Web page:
Matt “Guitar” Murphy only garnered widespread public attention through the 1980 Blues Brothers movie, in which he acted in a scene with Aretha Franklin and played with Jake and Elwood’s band, but his laurels in the blues world had long been secured by then. His sizzling guitar licks energized Memphis Slim’s records in the 1950s and pushed the James Cotton Band to the peak of high-energy blues in the ’70s, and along the way he contributed to sessions by Bobby Bland, Sonny Boy Williamson, Otis Rush, Chuck Berry, and many others. Murphy was born on Dec. 28, 1929, in Sunflower, Mississippi, and first made a name for himself around Memphis and West Memphis playing in the bands of Howlin’ Wolf and Tuff Green and with the Blue Flames, a young group that included Junior Parker and Ike Turner. News of the hotshot guitarist reached Memphis Slim, who recruited Murphy in 1952 to play with him for almost a decade. When Slim moved to Europe he tried to persuade Murphy to join him there, but Murphy stayed in Chicago, doing session work and playing with blues and jazz bands, along with occasional touring, including the 1963 American Folk Blues Festival in Europe. A long stint with James Cotton put him out on the touring circuit again, but only after the notoriety of the Blues Brothers did Murphy, a lifelong sideman, begin touring with a band of his own. Even then he hired a lead vocalist although he proved he could sing, too, when he gave himself the chance. Murphy recorded his first album for Antone’s in Austin, Texas, in 1990, joined by his brother Floyd, also an acclaimed guitarist. After years of playing the blues bar circuit, Murphy suffered a stroke in 2003 but returned to performing in 2009. In the words of the late blues legend Willie Dixon, who hired Murphy to play on sessions and tours whenever he could, “He is definitely the best guitar player — the best one I heard anywhere.” Or, as Memphis Slim put it, Murphy is just “a damn genius.”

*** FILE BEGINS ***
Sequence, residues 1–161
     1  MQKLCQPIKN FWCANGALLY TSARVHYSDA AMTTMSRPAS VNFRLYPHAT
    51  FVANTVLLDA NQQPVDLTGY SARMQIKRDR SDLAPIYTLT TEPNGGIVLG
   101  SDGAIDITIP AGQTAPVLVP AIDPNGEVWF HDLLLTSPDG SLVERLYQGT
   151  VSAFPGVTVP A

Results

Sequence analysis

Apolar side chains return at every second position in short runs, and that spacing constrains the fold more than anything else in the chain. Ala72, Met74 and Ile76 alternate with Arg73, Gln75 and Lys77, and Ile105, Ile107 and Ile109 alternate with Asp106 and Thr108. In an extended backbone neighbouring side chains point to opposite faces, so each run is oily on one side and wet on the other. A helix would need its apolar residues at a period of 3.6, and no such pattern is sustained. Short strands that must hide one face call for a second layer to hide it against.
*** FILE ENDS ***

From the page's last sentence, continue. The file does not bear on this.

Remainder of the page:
Matt Murphy was inducted into the Blues Hall of Fame in 2012. He passed away in 2018.